FERC regulates the process, a project is open for
review by all the federal resource agencies as
well state and local agencies, groups or individuals.
This is not the case for wind and solar projects
since a FERC license is not required.
“The FERC process is too long, but they try to
meet everyone’s needs. Before 1969 we didn’t have
many environmental statutes in this country. In
the mid to late 80s, FERC started to pay closer
attention. The licensing process is certainly not
perfect but they are tremendously ahead of where
they were 50 years ago. They deal with a lot of
important issues that are not always easy to resolve.
It can be very time consuming and a very expensive
process,” said Fred Ayer at LIHI.
Another FERC sanctioned demonstration project is
the Roosevelt Island Tidal Energy (RITE) project
in New York City’s East River (a tidal estuary).
Over the past 2 years, Verdant Power operated 6
turbines, each with 16-foot diameter rotors to
demonstrate the system as an efficient source of
renewable energy. Over 9,000 turbine-hours of operation,
the system produced 70 megawatt hours that were
delivered to two end users. Bidirectionally powered
by both ebb and flow tides, turbines are automatically
controlled for continuous, unattended operation.
Now going into Phase 3, the company plans to build
greater capacity through 2012. Because tides run
like clockwork, electric production is predictable.
In January, defense contractor Lockheed Martin
announced a partnering agreement with Ocean Power
Technologies (OPT) to build utility-scale wave
generation projects on the Pacific coast. FERC
issued preliminary permits for four sites in California
and Oregon. These projects will use OPT’s PowerBuoy
technology that has been tested in several small
demonstration projects, including one with the
Navy in Hawaii.
Arrays of PowerBuoys will be anchored offshore.
Waves move a buoy up and down and a power take-off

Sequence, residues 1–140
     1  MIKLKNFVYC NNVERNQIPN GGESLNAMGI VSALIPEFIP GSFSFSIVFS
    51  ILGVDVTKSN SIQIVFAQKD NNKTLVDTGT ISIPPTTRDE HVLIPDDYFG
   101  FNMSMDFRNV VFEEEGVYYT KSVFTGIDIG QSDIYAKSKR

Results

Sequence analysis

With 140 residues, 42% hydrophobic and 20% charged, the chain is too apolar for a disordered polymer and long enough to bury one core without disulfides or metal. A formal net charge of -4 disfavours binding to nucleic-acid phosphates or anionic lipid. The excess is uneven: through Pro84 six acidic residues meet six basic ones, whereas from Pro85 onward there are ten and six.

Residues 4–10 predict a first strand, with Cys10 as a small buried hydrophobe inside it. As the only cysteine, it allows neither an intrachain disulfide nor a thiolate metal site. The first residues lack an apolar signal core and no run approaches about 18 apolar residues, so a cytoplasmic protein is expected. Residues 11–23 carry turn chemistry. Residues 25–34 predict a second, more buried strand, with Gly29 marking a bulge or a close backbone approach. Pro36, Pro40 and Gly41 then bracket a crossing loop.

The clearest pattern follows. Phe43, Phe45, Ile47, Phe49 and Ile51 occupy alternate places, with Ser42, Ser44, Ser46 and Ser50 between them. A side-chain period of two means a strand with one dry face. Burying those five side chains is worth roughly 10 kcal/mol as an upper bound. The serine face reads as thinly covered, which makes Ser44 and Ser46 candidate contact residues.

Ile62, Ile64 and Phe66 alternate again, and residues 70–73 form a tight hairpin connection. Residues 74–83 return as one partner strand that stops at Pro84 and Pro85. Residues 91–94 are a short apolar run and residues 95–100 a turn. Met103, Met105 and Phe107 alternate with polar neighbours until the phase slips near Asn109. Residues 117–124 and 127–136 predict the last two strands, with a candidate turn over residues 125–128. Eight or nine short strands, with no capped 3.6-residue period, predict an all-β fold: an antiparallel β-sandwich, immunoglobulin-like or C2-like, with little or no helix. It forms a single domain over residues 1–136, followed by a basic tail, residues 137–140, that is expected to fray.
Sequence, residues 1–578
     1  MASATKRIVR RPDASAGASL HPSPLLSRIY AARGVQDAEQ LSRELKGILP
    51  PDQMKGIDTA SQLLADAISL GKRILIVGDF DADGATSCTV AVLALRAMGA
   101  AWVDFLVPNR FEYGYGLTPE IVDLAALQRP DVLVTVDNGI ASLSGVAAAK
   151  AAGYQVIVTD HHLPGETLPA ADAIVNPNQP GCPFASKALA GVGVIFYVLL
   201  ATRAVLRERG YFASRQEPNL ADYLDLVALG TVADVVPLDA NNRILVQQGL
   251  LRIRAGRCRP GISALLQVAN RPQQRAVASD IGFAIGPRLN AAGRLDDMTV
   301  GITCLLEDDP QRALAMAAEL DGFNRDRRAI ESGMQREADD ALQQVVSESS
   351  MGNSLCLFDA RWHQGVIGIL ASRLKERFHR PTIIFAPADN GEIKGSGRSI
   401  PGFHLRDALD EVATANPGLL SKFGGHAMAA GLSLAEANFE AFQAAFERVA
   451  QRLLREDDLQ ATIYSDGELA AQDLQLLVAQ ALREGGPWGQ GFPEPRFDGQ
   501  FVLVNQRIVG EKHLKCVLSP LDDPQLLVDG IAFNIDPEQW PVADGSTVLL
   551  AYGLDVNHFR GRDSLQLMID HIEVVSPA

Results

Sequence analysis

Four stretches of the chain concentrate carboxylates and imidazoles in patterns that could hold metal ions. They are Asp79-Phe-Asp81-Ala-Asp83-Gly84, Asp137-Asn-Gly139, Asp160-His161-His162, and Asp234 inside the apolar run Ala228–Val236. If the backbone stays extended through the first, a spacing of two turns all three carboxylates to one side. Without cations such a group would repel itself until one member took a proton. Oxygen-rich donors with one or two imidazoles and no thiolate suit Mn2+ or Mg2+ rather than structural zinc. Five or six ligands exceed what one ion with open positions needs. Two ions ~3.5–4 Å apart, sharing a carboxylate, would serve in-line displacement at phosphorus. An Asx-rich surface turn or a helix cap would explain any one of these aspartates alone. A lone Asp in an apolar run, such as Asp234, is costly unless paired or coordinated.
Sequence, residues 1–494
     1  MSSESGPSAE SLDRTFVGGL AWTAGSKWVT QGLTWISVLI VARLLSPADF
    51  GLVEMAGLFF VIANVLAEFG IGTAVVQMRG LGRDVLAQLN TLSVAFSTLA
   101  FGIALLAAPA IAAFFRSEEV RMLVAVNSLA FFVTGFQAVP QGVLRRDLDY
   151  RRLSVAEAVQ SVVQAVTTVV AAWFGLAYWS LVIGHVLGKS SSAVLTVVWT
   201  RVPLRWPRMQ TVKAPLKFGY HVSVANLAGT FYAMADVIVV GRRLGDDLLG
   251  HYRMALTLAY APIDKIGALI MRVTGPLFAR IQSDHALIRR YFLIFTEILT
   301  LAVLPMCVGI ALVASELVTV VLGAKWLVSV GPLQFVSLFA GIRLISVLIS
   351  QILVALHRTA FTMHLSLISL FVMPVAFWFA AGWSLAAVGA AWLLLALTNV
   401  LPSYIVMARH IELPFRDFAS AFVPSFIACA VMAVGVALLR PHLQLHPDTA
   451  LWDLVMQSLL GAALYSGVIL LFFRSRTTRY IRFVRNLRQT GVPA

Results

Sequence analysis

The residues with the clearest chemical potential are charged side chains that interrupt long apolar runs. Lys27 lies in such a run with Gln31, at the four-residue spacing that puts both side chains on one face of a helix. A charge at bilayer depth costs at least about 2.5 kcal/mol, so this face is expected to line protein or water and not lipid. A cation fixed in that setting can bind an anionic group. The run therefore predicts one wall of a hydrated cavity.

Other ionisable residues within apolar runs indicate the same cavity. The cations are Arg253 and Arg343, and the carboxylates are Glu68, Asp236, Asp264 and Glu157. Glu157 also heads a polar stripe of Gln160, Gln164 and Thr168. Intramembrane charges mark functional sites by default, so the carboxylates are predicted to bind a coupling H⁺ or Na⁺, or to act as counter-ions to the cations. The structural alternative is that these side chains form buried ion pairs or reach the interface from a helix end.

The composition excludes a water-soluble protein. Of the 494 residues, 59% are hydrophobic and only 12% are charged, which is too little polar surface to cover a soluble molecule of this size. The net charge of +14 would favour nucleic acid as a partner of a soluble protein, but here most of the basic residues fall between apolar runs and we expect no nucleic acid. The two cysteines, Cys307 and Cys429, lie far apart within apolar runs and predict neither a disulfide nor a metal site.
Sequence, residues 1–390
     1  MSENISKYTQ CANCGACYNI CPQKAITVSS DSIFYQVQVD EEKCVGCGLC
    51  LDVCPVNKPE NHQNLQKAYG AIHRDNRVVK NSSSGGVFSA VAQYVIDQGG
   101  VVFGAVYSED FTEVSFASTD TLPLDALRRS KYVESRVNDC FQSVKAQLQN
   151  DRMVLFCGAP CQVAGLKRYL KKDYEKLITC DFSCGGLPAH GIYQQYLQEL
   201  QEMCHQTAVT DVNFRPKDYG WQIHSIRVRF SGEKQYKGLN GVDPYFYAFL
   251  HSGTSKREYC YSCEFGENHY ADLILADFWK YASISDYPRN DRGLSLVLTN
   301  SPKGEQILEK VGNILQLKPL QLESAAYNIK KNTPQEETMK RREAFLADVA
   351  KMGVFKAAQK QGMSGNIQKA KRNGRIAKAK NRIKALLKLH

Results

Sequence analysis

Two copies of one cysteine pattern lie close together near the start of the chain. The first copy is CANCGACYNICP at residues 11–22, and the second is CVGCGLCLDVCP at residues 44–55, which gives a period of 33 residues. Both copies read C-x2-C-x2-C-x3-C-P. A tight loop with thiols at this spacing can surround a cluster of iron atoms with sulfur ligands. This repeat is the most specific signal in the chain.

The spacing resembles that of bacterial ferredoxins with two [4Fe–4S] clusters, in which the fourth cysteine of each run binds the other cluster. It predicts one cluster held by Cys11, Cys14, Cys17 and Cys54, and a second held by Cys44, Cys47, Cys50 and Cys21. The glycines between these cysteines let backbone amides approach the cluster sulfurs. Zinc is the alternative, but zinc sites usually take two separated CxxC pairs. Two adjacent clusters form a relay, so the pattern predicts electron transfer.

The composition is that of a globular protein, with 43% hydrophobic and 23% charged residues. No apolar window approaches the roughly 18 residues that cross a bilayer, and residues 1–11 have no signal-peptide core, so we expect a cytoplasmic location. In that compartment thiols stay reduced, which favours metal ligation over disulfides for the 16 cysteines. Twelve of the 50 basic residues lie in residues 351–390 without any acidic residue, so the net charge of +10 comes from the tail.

system generates AC electricity that is sent to
shore on a seabed cable to the grid. Sensors on
the buoy monitor subsystems, ocean conditions and
real-time data is sent to shore. If waves become
too high, the system automatically stops power
production. When waves return to normal, power
The Energy Improvement and Extension Act of 2008,
included a new PCT for marine and hydrokinetic
facilities deriving energy from waves, tides; currents
in oceans, estuaries and tidal areas; free flowing
water in rivers, lakes and streams; free flowing
water in irrigation systems, canals, or other man-made
channels, or from differentials in ocean temperatures.
Such facilities must have a nameplate capacity
of at least 150 kilowatts and be in service before
January 1, 2012 – a very tight window for hydro
development. The corporate tax credit is 1.1 cents
per kilowatt hour.
Developers would be further encouraged to build
hydropower if they could bank on generous, long
term state tax benefits or incentives or renewable
energy incentives from utilities.
Everyone constantly decries our dependence on imported
oil when the United States has some of the most
abundant water resources on the planet. Moving
clean hydropower onto the grid in a responsible
environmental manner should be a high priority.